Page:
The two men drove back to Melbourne, going the long way, around the coast — The Great Ocean Road — one of Australia’s wonders and a huge tourist destination for the state of Victoria.
Inspector McBride’s wife was waiting in the driveway when he got home. She hugged him and risked crushing their baby son. McBride hugged her, and the baby played with his hair.
“Did you get your man?” said Helen McBride.
“Yes and no.”
The Inspector didn’t like to bring his work home with him, but Helen was interested, so he filtered out the heinous stuff and talked to her about the details around cases’ edges. Helen was fascinated with the hunt for the pizza delivery rider. The wings on his jacket and the chrome helmet sounded exotic.
“We caught him easily enough. He didn’t try to run. Came along peacefully. He seemed tired and worn out, and I believe he would have told us everything, except …”
“Except that he disappeared out of his cell overnight. Not a trace. I would have said it was impossible, but the more I work on this case, the less likely I am to use that word.”
Helen had the dinner ready, and the Inspector played with his son until the child fell asleep in his arms. The parents watched a movie and turned in early. The baby would be awake at the crack of dawn, so sleep was a luxury.
An unremarkable double fronted house in a nondescript street in suburban Melbourne. A man opens the front door to a pizza delivery.
“What are you dressed up for? Halloween’s months away mate,” said the young man in jeans and a singlet, “how much for the pizzas?”
The young man fishes in his jeans and brings out three five-dollar notes. He straightens them out before handing them over.
“No tip,” says the young man, “no-one tips me for doing my job.”
The pizza delivery driver stares at the young man, and the young man stares back at him.
The pizza delivery driver takes off his winged helmet and punches the young man in the face. The young man staggers back into the house and lands on the carpet — out cold.
A young woman emerges from the shadows and surveys the scene.
“Are you going to hurt me?” she says dispassionately.
“No. And neither is he, anymore.”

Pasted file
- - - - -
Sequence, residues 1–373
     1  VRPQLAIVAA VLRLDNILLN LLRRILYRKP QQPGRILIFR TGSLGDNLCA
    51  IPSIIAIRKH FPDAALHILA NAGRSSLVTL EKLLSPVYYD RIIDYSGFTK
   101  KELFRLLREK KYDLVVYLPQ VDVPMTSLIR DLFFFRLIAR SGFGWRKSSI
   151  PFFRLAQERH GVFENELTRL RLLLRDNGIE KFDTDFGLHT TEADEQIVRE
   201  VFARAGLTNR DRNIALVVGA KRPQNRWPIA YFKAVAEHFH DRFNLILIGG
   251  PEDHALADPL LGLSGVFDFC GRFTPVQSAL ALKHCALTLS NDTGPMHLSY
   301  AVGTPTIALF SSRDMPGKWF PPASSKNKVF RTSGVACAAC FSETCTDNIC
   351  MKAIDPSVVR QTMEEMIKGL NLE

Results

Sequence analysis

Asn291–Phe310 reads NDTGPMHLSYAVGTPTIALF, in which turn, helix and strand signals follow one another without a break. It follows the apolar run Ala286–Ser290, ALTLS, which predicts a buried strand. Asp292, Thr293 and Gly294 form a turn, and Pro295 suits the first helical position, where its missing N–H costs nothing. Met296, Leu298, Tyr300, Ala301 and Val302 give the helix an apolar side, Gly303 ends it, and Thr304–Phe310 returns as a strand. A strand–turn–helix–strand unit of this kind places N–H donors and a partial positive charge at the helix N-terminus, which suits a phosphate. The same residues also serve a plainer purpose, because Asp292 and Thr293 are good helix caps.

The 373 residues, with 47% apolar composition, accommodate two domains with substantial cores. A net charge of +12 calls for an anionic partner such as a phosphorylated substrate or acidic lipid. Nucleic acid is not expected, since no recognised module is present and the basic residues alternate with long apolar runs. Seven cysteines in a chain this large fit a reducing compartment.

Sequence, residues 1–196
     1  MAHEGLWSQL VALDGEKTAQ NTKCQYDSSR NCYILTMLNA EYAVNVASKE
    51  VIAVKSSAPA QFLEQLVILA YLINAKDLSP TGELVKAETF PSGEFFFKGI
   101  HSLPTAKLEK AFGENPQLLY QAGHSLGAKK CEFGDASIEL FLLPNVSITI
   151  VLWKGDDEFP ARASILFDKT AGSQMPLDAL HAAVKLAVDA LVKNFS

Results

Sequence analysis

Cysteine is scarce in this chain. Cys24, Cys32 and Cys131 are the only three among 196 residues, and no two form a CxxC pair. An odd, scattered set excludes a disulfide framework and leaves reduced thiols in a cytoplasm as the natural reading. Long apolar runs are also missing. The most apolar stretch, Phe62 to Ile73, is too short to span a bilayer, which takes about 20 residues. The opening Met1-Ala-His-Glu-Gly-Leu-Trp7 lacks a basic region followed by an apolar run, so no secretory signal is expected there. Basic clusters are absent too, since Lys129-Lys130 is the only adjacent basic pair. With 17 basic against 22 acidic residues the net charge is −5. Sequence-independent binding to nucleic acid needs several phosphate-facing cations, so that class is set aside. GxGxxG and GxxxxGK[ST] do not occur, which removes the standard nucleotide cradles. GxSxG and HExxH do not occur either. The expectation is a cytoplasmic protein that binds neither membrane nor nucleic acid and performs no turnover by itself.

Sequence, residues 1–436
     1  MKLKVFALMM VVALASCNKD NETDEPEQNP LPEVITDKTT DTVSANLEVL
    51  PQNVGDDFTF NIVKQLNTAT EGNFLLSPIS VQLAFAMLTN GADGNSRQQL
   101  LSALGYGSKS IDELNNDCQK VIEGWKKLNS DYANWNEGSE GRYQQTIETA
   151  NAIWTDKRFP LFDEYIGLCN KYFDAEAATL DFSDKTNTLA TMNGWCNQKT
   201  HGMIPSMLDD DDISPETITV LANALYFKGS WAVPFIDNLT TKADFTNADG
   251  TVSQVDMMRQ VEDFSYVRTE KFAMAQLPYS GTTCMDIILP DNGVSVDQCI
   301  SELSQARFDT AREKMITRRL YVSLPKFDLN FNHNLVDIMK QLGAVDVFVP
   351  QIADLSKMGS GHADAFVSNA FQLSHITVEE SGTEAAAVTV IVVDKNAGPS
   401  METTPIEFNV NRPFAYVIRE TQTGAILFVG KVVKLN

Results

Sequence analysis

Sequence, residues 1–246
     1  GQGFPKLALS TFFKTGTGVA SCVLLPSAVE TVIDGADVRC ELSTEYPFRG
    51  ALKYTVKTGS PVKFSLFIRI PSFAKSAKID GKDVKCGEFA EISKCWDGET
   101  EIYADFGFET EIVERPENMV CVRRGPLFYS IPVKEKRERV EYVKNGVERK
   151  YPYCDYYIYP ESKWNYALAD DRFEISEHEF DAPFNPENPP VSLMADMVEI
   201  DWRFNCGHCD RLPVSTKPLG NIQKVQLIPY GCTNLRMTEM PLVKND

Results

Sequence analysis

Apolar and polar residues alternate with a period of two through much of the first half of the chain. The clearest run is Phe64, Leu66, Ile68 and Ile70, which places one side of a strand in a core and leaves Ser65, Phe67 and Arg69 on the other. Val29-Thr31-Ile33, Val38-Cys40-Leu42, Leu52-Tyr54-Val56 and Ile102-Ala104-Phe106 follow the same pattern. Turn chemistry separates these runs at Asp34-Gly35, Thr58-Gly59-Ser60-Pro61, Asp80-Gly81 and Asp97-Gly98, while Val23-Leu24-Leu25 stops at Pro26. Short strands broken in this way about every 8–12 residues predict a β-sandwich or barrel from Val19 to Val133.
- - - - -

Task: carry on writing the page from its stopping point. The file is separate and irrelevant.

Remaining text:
The young woman puts her hand to her face to cover the bruise she believes he is looking at.
“You have a choice. You can stay with this reprehensible person, and continue to be his punching bag, or you can pack a few essentials, get into your car and leave. He hides his money at the back of the bathroom cabinet.”
“How do you know that?” says the young woman.
“Your car is full of petrol, and I know that your sister will be happy to see you. It’s a long drive, so you had best get started. He could wake up soon, and he won’t be happy. Don’t come back, don’t look back. Just go. I’ve done all I can for you, now it’s up to you. Go, stay, it’s your choice.”
The woman notices the wings on the pizza bloke’s jacket as he turns to leave.
“Why are you helping me. I don’t know you at all,” says the woman, who sounds like she might begin to cry.
“It’s my job. It’s what I do. Everyone needs a job.”
The light streaming through the doorway made the feathers on his jacket glow, and the breeze made them flutter.
“If you do decide to go, which I hope you will, go back and finish the science degree you started. You have things to discover that will make a difference. People are depending on you.”
“What people? Who is depending on me? No one is interested in me. It’s too hard. How do you know all this stuff? Who are you? I can’t go back. I want to sleep for a hundred years,” said the young woman clutching at her stained dress.
“You can sleep when you get there. Now go.”
The young man put his shiny helmet on and disappeared through the doorway.
The breakfast break room at a suburban police station. One man is eating a chocolate croissant, the other is working his way through a ham roll.